The case in Info-Hold, Inc. v. Muzac LLC, available here. Plaintiff Info-Hold is the owner of U.S. Patent No. 5,991,374, "directed to systems, apparatuses, and methods for playing music and messages (e.g., advertisements) through telephones and public speaker systems." Info-Hold filed separate infringement actions against Applied Music Technologies Corp. (AMTC) and Muzak LLC in the same federal district court, and the same district judge considered both matters. Following the district judge's claim construction, Info-Hold and AMTC stipulated to a judgment of noninfringement to enable Info-Hold to appeal. In the Muzac case, the judge's construction of a different claim term resulted in a stipulation of noninfringement as to certain claims at issue. As for the remaining claims, the judge entered judgment for Muzac on the grounds that (1) Info-Hold offered no admissible evidence of damages, and (2) there was no genuine issue of material fact regarding Muzac's liability for inducement.
The appeals in both cases were argued the same day and the two opinions, both authored by Judge Reyna, issued today. In AMTC, the court reverses the district judge's claim construction of the term "transmit" and remands. In Muzac the court affirms the construction of “when a caller is placed on hold,” but reverses on the damages and inducement issues.
The damages issue in particular is reminiscent of Judge Posner's decision in Motorola v. Apple, in which he concluded that neither party had presented sufficient evidence on damages, that neither was an entitled to an injunction either, and that there was no right to proceed to trial for merely nominal damages. The Federal Circuit, in an opinion by Judge Reyna, reversed on that issue last year (see my post here), so it's not surprising that it would do so again in Muzac. Here is the relevant language from Judge Reyna's opinion from today:
The district court did not abuse its discretion in striking [Info-Hold's expert] Mr. White’s expert report. The district court stated that Info-Hold’s reliance on the entire market value rule, without presenting evidence that the patented features drove customer demand, was “improper” and itself sufficient to strike Mr. White’s evidence. J.A. 92; cf. J.A. 85. Info-Hold has not appealed this basis for striking the report. Mr. White’s damages analysis was also deficient because he relied on the 25-percent rule, which this court discredited as “fundamentally flawed” in Uniloc. 632 F.3d at 1315 (deeming evidence relying on the 25-percent rule as inadmissible for failing to tie the royalty base to evidence in the case). We therefore affirm the striking of Mr. White’s evidence. . . .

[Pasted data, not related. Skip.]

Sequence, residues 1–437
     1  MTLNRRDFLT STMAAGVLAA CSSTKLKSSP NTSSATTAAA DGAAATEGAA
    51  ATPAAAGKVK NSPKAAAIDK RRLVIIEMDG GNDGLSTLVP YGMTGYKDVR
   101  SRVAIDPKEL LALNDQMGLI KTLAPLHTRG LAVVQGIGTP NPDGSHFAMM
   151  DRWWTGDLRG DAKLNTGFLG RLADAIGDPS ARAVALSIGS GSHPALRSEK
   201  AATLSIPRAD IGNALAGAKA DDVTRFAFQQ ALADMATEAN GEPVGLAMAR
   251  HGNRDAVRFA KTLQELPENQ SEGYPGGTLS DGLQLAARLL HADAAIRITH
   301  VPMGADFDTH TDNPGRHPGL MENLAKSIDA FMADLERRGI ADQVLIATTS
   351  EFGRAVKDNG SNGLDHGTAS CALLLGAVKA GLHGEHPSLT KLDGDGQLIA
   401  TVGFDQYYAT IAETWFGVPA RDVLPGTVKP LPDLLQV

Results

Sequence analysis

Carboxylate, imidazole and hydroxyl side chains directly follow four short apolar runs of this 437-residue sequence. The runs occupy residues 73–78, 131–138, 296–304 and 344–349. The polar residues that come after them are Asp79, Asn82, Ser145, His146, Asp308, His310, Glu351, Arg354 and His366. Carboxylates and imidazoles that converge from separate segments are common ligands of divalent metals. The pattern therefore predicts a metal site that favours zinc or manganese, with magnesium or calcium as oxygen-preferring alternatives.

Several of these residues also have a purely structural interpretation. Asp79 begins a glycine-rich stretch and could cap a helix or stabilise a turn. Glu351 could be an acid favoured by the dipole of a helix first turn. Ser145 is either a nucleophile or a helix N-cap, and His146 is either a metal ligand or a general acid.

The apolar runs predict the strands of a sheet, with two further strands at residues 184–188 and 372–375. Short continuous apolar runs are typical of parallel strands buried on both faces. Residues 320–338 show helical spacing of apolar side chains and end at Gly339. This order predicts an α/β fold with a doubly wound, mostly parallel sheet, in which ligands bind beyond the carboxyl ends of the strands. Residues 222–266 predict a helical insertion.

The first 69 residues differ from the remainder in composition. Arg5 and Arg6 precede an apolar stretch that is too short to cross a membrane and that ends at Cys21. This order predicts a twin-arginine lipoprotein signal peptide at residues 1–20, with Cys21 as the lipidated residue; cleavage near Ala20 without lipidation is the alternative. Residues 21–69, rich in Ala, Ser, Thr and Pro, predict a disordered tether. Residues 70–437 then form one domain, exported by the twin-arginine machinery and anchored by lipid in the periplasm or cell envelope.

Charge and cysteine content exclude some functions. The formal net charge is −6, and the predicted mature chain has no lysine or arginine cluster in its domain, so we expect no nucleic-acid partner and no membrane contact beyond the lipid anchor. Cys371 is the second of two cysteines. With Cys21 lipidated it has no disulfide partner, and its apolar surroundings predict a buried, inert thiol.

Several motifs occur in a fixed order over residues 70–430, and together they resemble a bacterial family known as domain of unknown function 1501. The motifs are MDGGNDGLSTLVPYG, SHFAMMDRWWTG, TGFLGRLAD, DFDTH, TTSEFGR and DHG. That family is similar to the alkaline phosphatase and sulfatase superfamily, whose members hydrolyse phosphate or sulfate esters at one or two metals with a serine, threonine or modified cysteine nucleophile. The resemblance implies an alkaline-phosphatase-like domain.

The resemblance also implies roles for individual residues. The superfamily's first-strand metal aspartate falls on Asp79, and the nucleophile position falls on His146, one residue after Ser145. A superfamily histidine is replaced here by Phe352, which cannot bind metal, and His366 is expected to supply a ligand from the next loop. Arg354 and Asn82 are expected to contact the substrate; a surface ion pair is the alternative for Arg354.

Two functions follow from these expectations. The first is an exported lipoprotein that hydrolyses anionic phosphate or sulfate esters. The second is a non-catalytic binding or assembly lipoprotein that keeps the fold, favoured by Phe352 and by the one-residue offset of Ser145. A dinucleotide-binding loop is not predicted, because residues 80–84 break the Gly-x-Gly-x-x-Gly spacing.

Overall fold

In Apple Inc. v. Motorola, Inc., 757 F.3d 1286, 1328 (Fed. Cir. 2014), we explained that at “summary judgment . . . a judge may only award a zero royalty . . . if there is no genuine issue of material fact that zero is the only reasonable royalty.” Therefore, if there exists a factual issue regarding whether the patentee is due any non-zero royalty, the district court must deny summary judgment. Id. Where the patentee’s proof is weak, the court may award nominal damages. Id. Moreover, we explained that a patentee’s failure to show that its royalty estimate is correct is insufficient grounds for awarding a royalty of zero. Id. By extension, the exclusion of the patentee’s damages evidence is not sufficient to justify granting summary judgment. As we made clear in Dow Chemical Co. v. Mee Indus., Inc., 341 F.3d 1370, 1381 (Fed. Cir. 2003), 35 U.S.C. § 284 requires the district court to award damages “in an amount no less than a reasonable royalty” even if the plaintiff’s has no evidence to proffer. We explained that, in such a case, the district court should consider the Georgia-Pacific factors “in detail, and award such reasonable royalties as the record evidence will support.” Id. at 1382 (footnote omitted).
Here, as in Apple, the issue of infringement has not been decided. The district court granted summary judgment to Muzak on the issue of reasonable royalty damages because, after striking its expert’s report and precluding him from testifying, Info-Hold was unable to make a prima facie case as to any reasonable royalty rate. There was other record evidence which the district court could use as a basis for determining a reasonable royalty, even after the exclusion of Mr. White’s report and testimony. In his deposition, [defendant's expert] Mr. Paris affirmed that reasonable royalty rates for Muzak’s Encompass LE 2 and Encompass MV systems would be 1 and 2 percent, respectively. He also discussed the Trusonic License, the royalty paid to Mr. Hazenfield under his assignment of the patent to Info-Hold, the profitability of the accused systems, and more.
The Federal Rules of Civil Procedure allow the use of deposition testimony for any purpose allowed by the Federal Rules of Evidence. . . . Here, Muzak has not specifically objected to the admissibility of Mr. Paris’ deposition testimony. We leave to the district court to decide whether the deposition may be considered in determining the reasonable royalty rate. In any case, there is other record evidence to demonstrate the existence of a genuine issue of material fact as to whether zero is a reasonable royalty rate.